The rank order of production by States is Western Australia, NSW, Victoria and South Australia.
While Australia is a relatively small producer of oilseeds by international standards, it is widely regarded for its high quality exports and has developed some significant international markets for its canola and cottonseed exports. Currently, the UE, Japan, Pakistan and Bangladesh are important markets for Australian canola.
The marketing of canola is well organised. A number of buying organisations offer farmers the option of taking fixed price contracts during the season. The farmer nominates the tonnage which they will deliver for each contract written. Alternatively, a farmer can choose not to make an early decision and instead sell after harvest, perhaps warehousing the seed while deciding how long to wait and who to sell to. There are minor variations on these options.
Canola in crop rotation
Canola is an excellent choice to enhance or extend a crop rotation. It produces a high yield and can be a profitable crop in its own right as well as an excellent fit with cereals or pulses. The average yield of canola across Victoria between 2002 and 2007 was 1.3 t/ha, which includes three drought years. Yields of more than 4 t/ha are achieved by some farmers in better years, especially in higher rainfall regions such as south west Victoria and sometimes under irrigation. Cereal yields after canola are often enhanced because of the disease cleaning that occurs when an unrelated crop type such as canola is alternated with cereals and kept free of grassy weeds.
Canola in the rotation allows farmers to better manage their weeds. Because canola is a broadleaf crop, and because there are different herbicide tolerant varieties of canola, farmers have more options for weed control than in cereal crops such as wheat and barley.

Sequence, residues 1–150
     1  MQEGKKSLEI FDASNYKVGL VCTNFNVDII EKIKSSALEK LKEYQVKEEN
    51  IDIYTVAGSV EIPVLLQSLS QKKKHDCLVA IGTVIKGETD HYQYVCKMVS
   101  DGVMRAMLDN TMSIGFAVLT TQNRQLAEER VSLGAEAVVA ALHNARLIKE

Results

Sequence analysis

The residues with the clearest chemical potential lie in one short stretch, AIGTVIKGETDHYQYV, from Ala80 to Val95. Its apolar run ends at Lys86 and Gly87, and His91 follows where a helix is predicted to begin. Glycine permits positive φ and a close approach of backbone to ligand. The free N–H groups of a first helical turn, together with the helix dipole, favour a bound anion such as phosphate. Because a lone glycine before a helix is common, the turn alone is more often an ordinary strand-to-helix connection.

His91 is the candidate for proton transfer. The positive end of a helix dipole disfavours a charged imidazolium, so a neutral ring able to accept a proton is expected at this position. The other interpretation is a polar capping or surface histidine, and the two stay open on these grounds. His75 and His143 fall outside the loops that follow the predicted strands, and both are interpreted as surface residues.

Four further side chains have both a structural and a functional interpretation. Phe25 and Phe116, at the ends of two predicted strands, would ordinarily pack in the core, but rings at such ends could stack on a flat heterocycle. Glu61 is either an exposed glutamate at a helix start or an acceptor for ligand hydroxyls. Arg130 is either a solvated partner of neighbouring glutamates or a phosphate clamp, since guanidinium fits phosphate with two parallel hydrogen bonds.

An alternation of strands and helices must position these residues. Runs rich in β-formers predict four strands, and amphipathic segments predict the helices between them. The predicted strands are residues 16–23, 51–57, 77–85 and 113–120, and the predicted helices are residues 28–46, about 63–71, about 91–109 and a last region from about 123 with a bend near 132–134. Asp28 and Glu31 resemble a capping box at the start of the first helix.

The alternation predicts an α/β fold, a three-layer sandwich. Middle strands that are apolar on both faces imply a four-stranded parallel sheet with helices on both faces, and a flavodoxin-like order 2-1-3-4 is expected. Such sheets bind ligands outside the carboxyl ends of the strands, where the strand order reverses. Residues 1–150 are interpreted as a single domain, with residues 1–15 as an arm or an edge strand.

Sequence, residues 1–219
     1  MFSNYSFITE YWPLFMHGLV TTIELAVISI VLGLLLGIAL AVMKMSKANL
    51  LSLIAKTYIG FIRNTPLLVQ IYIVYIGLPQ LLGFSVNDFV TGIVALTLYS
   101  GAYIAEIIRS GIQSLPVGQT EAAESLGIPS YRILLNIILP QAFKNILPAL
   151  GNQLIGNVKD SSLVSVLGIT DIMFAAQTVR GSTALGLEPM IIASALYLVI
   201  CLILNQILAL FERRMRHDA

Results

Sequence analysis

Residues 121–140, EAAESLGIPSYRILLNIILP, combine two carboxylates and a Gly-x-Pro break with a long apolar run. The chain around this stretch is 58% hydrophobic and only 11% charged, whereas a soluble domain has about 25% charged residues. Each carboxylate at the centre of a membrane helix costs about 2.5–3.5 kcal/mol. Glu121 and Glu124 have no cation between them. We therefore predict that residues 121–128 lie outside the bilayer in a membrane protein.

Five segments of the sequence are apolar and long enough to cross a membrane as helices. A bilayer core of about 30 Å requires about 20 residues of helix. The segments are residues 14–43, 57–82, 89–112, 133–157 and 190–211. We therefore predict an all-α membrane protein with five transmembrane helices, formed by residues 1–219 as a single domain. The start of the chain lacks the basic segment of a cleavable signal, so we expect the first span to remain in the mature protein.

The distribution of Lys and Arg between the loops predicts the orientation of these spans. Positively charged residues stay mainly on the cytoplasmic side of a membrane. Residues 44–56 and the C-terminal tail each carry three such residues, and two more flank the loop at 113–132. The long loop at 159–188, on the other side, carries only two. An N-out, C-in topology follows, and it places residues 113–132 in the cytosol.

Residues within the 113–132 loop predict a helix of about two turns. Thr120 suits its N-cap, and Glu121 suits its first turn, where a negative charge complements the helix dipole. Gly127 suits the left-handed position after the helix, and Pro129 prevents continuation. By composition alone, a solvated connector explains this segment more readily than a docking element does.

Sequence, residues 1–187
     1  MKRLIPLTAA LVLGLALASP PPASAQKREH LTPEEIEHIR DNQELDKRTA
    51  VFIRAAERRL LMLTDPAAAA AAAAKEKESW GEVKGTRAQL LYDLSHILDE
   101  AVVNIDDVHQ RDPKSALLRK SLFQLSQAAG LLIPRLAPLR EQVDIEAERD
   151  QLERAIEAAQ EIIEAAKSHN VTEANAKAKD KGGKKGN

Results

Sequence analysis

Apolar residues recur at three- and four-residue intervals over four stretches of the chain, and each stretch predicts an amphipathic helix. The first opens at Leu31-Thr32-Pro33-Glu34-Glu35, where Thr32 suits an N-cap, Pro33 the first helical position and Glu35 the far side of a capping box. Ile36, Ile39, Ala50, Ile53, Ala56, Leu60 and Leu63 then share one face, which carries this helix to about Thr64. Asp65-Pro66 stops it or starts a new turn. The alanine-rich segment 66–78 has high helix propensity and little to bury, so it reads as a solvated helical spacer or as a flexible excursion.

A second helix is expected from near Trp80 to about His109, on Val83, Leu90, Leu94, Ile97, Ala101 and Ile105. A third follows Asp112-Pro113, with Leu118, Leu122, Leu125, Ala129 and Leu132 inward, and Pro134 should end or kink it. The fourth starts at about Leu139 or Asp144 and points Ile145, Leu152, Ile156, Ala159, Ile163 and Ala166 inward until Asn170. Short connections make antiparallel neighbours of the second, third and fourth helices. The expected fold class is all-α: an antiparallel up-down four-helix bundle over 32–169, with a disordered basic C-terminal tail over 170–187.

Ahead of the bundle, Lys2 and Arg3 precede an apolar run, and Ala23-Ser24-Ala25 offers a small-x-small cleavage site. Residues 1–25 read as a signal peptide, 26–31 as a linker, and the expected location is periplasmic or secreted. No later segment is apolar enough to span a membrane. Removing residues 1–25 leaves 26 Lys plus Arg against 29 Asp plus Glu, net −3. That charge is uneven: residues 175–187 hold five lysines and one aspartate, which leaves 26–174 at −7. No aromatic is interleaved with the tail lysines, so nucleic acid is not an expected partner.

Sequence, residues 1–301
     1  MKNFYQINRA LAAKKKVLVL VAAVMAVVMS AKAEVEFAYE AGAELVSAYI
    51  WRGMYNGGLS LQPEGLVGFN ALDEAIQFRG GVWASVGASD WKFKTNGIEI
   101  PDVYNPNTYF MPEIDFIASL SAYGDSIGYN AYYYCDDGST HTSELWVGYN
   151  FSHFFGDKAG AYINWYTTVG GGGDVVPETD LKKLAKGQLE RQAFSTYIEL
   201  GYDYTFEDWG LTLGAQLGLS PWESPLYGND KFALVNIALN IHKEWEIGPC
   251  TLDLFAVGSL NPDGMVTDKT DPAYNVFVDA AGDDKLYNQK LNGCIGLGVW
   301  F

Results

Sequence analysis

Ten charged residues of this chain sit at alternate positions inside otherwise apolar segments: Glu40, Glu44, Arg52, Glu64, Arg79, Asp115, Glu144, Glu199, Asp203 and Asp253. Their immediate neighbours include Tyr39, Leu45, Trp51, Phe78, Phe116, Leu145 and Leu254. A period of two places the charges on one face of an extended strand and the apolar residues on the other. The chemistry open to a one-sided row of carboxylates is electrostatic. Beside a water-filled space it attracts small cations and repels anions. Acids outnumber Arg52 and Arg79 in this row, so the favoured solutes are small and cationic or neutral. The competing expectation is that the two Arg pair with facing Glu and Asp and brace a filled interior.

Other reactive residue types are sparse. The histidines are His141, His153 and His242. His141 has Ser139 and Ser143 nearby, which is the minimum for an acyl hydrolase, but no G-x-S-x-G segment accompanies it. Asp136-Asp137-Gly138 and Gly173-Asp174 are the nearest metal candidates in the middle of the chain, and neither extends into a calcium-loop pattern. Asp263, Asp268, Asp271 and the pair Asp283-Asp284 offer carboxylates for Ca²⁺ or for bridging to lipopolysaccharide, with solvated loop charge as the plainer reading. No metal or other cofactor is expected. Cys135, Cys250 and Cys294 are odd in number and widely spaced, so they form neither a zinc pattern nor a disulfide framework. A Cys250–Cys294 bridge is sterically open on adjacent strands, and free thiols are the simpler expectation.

A realistic target yield can be determined by calculating potential yields based on the amount of growing season rainfall expected, subsoil moisture available to the crop at sowing time and the sowing date. The target yield is 85% of the calculated potential yield. For example, a canola crop sown in mid May in a location which received 285 mm average growing season rainfall, with no stored subsoil moisture, can expect a potential yield of 2.66 t/ha. The target yield is 2.5 t/ha. In recent years, below average rainfall has meant that some farmers have become better prepared for dry seasons and have tried, where possible, to reduce costs of crop sowing inputs. They spend more on the crop at later growth stages when they have a better idea of how the season is progressing. Nitrogen fertiliser is the single biggest cost to canola growers. By applying most of the nitrogen fertiliser later in the season, but before stem elongation, rather than all before sowing, farmers can reduce some of the financial risk of growing canola.
The crop has higher direct costs than cereal (about $350-400 per hectare compared to about $200-300 per hectare) but price per tonne is also higher (about $500 per tonne compared to $270 per tonne delivered port).
The five year average price for canola, in 2011, is approaching $500/tonne with high prices in the face of a worldwide shortage of oilseeds for food production and low canola production in eastern Australia due to drought.
For 2012, a one and a half tonne per hectare canola crop is estimated to return a gross margin of $350-400. These figures contain challengeable assumptions as grain prices vary during the year, different farmers have different costs and yield can vary. Also, the yield benefit of break crops like canola to subsequent cereal crops is not factored into the break crops gross margin.
Organisations and contacts
Australian Oilseeds Federation
PO Box H236
Australia Square, NSW 1215
Phone: (02) 8007 7553
See DEPI's Victorian Winter Crop Summary for the latest varieties and yields.
This Agnote was developed June 2000.
May 2009 by Felicity Pritchard, Oilseeds Industry Development Officer (Pritchard Agricultural Consulting and Extension) and Chris Bluett, DEPI Ballarat.
December 2010 by Steve Holden, DEPI Hamilton.
Published and Authorised by:
Department of Environment and Primary Industries
1 Spring Street